This Project originated from an expressed interest by the industry to allow active VHP ingredients into Livestock feeds. Since the successful roll-out of the more recent VHP Notification Program, many Health Products have been approved for use. But more work is still needed to ensure these beneficial ingredients can be safely and legally added to foods for our animals. The marriage of these two product classifications may be on the horizon and your company can be part of the regulatory decision-making process!

Please note you can amend your SFC license at any time utilizing the My CFIA Portal without incurring an additional fee.

Obtaining a Safe Food for Canadians License:

The first step involved in obtaining a Safe Food for Canadians license is to create a My CFIA Account. It is through the use of the My CFIA account that you can request license and export certifications as well as set up electronic payment methods. While enrolling, you can create one or more profiles for your business. This way if your company involves multiple site locations, you can have a profile for each site.

Within the current framework, VHPs and Livestock Feeds are sorted into distinct categories requiring a separate regulatory pathway to market. Livestock feeds are currently regulated based on two published ingredient lists, requiring notification when for example, ingredients are listed in Part II of the regulations, when ingredients are considered novel or when other languages (besides English and French) are used on the label. VHP Notifications must be submitted for all products, a Notification Number is assigned upon approval.

Under this new investigative project, several common and low risk Organic Acids and Essential Oils are being explored. Industry will be able to make label claims for these ingredients relating to maintaining general health for approved products. Only these types of general health claims are allowed currently allowed for VHPs. [Veterinary Health Products: used to maintain or promote the health and wellness of companion and food-producing animals. VHPs are not for use to treat, prevent, or cure a disease or condition.] Products with more specific: therapeutic, antiparasitic or antimicrobial claims would better meet the classification of a Veterinary Drug and not be allowed within the scope of this Project.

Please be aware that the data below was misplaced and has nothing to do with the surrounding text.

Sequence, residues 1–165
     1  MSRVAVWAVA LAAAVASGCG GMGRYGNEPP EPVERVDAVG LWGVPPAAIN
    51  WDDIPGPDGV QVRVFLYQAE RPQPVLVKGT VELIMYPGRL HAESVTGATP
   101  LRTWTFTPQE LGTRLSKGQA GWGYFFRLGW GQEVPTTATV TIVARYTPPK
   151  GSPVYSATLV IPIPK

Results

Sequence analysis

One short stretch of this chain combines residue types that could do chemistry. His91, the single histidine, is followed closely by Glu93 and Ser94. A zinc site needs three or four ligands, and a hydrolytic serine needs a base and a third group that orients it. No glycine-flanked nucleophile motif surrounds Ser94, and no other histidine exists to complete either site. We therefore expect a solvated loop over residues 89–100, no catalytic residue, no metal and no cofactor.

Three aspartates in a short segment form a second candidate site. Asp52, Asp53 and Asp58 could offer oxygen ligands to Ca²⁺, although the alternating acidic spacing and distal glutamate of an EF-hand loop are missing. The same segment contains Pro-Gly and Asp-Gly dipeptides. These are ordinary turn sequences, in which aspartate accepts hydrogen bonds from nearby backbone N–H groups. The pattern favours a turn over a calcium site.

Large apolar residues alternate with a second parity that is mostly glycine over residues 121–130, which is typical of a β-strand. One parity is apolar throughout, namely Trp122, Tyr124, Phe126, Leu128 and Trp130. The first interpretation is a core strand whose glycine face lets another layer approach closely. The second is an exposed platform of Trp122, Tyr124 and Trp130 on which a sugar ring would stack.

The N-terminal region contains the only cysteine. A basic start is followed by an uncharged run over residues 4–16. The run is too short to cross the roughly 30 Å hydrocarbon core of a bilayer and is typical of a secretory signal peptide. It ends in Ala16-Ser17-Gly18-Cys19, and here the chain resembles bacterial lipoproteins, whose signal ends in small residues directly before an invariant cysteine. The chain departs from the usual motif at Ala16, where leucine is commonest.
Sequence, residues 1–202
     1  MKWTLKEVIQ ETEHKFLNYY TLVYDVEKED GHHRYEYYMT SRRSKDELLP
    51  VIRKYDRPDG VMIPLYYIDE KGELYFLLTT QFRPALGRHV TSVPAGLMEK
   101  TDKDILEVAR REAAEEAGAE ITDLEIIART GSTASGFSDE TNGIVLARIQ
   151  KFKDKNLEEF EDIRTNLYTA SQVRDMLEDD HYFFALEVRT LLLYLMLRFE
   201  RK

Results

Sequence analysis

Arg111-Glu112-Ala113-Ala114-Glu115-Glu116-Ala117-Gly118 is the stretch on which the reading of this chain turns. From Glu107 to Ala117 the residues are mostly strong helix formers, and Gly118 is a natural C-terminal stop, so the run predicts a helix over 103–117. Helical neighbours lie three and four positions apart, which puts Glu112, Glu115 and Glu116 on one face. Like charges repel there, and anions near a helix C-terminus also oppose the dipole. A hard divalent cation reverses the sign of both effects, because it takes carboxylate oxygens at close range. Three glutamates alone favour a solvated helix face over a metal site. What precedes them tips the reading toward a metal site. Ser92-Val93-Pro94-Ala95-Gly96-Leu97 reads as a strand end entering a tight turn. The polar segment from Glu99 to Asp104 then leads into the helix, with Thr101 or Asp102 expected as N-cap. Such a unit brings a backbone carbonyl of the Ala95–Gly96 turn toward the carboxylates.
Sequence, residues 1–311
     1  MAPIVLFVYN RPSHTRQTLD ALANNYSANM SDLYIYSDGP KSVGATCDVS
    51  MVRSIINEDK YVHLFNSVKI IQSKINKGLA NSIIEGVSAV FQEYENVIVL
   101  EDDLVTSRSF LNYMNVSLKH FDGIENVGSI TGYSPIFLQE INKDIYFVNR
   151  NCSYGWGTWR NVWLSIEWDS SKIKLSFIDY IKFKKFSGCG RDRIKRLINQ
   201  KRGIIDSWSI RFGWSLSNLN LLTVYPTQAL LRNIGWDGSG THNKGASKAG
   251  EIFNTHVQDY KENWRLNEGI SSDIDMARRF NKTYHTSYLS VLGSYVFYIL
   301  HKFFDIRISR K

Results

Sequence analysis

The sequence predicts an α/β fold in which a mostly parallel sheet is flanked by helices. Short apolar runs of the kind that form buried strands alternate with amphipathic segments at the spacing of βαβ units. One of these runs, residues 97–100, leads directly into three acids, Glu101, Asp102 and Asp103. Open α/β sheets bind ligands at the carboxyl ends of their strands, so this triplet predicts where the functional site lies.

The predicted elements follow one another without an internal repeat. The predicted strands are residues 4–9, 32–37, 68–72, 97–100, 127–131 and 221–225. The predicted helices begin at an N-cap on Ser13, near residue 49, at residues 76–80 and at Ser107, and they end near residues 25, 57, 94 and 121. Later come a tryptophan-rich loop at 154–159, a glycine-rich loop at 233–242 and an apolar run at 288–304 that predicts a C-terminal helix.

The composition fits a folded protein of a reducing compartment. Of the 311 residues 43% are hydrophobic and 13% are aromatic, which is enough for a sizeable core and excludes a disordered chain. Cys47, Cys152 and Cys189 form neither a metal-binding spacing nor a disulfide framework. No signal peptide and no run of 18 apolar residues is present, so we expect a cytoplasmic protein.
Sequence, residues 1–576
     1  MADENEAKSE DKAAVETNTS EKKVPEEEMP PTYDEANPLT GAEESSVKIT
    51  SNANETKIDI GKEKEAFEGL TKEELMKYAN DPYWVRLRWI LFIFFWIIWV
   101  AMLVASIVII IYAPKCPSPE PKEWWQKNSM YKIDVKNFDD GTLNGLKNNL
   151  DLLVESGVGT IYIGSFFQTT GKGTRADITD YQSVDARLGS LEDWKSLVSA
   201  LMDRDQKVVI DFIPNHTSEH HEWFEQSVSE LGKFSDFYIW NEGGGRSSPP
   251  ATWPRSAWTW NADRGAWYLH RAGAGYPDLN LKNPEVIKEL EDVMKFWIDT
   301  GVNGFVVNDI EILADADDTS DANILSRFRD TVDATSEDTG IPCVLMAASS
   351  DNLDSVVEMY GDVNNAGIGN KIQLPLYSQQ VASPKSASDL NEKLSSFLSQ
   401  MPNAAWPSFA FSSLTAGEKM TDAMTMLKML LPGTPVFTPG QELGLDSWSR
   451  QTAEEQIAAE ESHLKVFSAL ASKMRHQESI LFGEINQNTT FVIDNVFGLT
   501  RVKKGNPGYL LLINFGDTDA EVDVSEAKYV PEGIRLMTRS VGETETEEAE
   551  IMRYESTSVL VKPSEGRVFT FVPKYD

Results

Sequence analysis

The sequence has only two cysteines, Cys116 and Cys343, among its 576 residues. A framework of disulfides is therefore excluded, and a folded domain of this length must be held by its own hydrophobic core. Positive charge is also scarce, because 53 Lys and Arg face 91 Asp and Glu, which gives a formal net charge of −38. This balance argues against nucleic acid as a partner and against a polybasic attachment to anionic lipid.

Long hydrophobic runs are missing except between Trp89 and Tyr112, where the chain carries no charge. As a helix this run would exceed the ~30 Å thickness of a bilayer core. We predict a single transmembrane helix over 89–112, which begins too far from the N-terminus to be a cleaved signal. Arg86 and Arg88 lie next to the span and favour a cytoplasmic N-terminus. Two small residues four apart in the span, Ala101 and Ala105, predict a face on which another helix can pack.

This Project will help regulators gather important data for use in law/decision making and the future of both Veterinary Health Products and Livestock feeds. Ultimately, leading to improved access to Health Products and a wider range of ‘active’ ingredients for livestock. Thus, easing the path to market for VHPs, enabling broader aspects to these types of products and reducing the use of drugs and other antimicrobials for animals. A compendium of ingredients will be published at the conclusion of this program to allow newly approved ingredients to be used in Livestock Feeds.

For this specific project, industry has been provided with a List of Ingredients that will be permitted. This will allow Health Canada to control the project and gather specific evidence on ingredients they have deemed as potentially acceptable. Under the current proposal allowable ingredients may include: